... First quarter pork exports fell 20%...

 

 

Pork Exports Improve but Remain Below Last Year’s Record Totals

 

Source: U.S. Meat Export Federation (USMEF)

May 5, 2022 

 

March pork exports were the largest so far this year but well below the record-large totals posted in March 2021.

   

March pork exports were 222,581 mt, the largest since November but nearly 25% below the record volume achieved a year ago. Export value was $615.3 million, also the highest since November but down 23% year-over-year. First quarter pork exports fell 20% from a year ago to 629,928 mt, valued at $1.71 billion (down 17%).

 

“While pork exports were down significantly from last year’s record, we saw some encouraging trends in the March results,” USMEF President and CEO Dan Halstrom explained. “U.S. pork commanded a higher price per pound than a year ago, with outstanding demand from Mexico and value growth in key markets such as South Korea and the Dominican Republic. The stronger U.S. dollar creates more price pressure in some destinations, but this will be offset to some degree by the narrowing price gap between U.S. and European pork.”

 

Halstrom added that pork, beef and lamb exporters continue to face logistical obstacles and delays when moving product overseas. The situation is especially challenging for chilled meat shipments to key Asian markets.

 

Pork export surge to Mexico continues; DR and Honduras also strong in March

 

Following a record year in 2021, pork exports to Mexico continue to climb to new heights. March exports reached 82,348 mt, up 24% from a year ago, with value increasing 14% to $149 million. First quarter exports to Mexico soared 30% to 243,314 mt, valued at $404.2 million (up 17%). While a large percentage of U.S. pork shipments to Mexico are bone-in hams and other cuts destined for further processing, the U.S. industry has also made impressive gains in Mexico’s retail and foodservice sectors.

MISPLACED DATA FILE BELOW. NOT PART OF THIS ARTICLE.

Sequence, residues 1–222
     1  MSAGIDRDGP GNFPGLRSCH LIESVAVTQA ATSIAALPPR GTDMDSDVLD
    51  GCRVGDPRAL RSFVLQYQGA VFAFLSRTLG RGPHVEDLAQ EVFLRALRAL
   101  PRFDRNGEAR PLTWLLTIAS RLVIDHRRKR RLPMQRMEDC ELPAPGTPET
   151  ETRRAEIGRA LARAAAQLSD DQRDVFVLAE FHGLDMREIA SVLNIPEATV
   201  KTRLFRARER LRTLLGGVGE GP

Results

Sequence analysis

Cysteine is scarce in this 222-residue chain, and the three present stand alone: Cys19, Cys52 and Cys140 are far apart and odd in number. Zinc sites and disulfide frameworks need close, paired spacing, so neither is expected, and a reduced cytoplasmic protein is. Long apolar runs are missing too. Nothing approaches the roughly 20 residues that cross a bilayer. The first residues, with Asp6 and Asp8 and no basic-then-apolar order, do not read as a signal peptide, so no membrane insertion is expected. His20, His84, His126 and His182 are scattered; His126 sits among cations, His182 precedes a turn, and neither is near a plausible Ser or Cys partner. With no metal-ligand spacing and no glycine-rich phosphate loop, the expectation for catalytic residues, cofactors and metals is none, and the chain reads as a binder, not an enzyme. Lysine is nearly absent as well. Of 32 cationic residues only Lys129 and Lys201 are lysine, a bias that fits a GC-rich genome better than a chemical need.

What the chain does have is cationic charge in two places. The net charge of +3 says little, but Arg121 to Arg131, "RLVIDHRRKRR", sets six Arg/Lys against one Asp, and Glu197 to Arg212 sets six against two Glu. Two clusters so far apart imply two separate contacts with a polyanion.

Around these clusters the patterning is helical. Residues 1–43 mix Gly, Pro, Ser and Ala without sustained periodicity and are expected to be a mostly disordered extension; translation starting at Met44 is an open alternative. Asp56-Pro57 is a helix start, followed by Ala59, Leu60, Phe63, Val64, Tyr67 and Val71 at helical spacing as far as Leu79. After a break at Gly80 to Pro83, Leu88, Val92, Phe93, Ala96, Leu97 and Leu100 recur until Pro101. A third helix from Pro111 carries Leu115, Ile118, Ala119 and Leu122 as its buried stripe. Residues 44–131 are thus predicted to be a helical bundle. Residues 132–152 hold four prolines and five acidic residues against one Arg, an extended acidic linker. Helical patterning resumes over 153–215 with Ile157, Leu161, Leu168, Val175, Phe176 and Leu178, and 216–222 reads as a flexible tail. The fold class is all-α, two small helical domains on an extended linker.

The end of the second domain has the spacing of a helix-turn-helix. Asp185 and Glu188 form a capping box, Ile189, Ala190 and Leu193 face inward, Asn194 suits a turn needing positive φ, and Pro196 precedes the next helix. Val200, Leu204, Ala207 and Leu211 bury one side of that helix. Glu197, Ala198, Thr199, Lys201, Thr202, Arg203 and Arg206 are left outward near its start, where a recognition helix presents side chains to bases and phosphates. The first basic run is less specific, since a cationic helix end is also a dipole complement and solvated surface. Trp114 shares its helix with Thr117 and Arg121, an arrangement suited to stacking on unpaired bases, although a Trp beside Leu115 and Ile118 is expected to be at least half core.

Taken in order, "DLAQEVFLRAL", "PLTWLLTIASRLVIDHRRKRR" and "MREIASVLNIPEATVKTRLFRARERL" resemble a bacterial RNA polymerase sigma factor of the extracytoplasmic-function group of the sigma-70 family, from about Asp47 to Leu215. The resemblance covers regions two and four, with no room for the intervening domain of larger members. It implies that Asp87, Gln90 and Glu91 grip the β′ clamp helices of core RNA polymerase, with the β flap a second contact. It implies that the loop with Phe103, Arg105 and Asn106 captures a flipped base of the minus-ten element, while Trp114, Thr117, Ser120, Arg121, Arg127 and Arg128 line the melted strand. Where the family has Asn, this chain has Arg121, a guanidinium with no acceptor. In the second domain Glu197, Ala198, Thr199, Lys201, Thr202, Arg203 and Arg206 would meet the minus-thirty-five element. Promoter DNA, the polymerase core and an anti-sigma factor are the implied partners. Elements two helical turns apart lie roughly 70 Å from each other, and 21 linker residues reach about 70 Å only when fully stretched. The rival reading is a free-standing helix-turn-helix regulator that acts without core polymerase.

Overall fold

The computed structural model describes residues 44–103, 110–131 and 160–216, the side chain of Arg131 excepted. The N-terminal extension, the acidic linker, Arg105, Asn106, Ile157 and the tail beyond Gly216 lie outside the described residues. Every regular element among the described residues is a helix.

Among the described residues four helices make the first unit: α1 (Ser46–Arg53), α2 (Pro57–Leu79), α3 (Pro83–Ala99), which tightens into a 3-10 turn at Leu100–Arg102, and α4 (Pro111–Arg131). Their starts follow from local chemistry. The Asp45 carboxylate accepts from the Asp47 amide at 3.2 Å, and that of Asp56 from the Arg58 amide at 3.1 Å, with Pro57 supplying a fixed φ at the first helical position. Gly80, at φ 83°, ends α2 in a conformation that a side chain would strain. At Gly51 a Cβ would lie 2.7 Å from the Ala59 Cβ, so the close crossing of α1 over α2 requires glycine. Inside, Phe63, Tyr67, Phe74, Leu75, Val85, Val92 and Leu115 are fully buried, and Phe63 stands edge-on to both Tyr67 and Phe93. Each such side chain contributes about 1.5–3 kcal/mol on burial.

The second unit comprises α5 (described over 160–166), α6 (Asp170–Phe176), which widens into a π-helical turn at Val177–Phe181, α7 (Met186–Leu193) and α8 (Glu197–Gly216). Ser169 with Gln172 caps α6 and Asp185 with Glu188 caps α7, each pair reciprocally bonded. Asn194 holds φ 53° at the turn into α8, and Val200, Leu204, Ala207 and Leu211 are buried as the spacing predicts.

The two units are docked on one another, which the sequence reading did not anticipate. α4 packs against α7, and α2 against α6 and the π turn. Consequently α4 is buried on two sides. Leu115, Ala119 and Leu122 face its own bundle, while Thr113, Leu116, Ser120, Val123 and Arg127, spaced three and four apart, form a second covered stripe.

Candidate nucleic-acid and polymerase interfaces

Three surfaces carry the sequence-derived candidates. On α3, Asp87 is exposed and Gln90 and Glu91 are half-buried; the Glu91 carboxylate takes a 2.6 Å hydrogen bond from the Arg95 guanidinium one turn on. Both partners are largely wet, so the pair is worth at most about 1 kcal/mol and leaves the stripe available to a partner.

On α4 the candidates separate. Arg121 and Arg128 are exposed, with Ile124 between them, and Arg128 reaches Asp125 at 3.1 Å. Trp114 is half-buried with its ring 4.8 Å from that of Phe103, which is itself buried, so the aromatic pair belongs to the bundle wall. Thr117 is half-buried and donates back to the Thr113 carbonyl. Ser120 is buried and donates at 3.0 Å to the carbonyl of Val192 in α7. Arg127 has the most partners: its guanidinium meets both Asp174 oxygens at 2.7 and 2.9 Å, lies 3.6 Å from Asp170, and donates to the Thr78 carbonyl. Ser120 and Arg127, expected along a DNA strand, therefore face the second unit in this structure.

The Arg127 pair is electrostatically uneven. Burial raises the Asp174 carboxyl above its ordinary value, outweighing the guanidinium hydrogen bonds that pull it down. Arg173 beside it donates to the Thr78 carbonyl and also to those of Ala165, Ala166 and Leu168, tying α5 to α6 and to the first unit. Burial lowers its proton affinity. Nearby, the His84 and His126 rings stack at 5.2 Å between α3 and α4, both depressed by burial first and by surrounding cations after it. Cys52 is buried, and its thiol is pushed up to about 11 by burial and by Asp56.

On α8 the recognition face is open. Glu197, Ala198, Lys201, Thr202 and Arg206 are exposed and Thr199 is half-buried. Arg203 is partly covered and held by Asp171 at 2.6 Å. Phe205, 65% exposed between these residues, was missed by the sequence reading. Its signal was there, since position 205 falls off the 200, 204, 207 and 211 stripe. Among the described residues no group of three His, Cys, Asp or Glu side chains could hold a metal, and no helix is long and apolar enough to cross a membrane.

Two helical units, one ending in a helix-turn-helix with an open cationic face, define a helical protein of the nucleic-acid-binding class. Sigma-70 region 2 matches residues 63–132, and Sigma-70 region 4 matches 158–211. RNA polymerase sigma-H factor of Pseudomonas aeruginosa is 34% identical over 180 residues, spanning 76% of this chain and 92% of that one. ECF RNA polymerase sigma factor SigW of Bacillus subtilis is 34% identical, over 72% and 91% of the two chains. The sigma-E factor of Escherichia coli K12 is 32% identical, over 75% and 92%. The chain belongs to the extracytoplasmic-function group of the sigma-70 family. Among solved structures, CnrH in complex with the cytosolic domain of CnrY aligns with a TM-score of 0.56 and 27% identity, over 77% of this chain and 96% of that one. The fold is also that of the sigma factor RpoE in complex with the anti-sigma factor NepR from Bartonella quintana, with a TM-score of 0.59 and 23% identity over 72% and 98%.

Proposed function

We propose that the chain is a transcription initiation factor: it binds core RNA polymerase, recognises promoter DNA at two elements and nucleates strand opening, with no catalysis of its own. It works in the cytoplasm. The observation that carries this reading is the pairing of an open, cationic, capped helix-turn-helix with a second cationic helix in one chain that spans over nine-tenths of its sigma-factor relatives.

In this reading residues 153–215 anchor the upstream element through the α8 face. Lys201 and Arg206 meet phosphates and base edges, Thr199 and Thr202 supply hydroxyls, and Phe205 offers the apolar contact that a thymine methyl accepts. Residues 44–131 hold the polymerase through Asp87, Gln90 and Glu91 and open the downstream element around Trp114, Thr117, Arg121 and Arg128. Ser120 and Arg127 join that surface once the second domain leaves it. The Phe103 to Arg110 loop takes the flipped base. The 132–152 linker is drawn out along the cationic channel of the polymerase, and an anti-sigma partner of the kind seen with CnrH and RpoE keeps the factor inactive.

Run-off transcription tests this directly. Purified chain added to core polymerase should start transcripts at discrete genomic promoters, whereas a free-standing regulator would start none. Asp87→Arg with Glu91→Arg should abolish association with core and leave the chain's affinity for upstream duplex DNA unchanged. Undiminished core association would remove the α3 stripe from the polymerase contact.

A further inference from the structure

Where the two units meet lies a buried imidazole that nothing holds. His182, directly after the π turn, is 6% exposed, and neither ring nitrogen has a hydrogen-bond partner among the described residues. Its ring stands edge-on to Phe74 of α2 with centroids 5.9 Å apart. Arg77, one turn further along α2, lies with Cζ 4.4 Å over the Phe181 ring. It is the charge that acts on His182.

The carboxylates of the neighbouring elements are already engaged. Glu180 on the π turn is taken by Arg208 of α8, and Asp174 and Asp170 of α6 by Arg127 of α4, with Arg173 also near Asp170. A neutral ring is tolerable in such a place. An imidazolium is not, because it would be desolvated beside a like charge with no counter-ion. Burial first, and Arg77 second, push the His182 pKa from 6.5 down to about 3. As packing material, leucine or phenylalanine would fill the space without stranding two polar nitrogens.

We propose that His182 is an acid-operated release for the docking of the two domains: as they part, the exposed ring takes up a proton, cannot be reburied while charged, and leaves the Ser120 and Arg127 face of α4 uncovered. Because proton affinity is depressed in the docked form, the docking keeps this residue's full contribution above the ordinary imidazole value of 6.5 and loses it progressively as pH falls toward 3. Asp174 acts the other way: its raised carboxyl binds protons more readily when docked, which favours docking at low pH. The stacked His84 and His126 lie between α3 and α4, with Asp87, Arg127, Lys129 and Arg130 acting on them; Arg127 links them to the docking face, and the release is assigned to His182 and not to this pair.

Demand for U.S. pork continues to strengthen in the Dominican Republic, where domestic production has slowed due to the presence of African swine fever. March exports increased 7% from a year ago to a record 7,038 mt, valued at $17.9 million (up 15%). First quarter exports to the DR also increased 7% to 22,416 mt, with value up 12% to $45.6 million. With shipments also trending higher to the Bahamas and Leeward-Winward Islands, first quarter exports to the Caribbean increased 5% in volume (22,416 mt) and 15% in value ($59 million).

 

March exports to Honduras, the largest Central American destination for U.S. pork, were the second largest on record at 5,487 mt, up 3% from a year ago, with value steady at $11.4 million. First quarter exports to Honduras were still down 6% in both volume (12,024 mt) and value ($25.1 million). Exports to Central America remained relatively strong in the first quarter but were below last year’s record pace by 14% in volume (30,729 mt) and 9% in value ($81.9 million) as importers built inventories in the fourth quarter of last year.

 

Other first quarter results for U.S. pork exports include: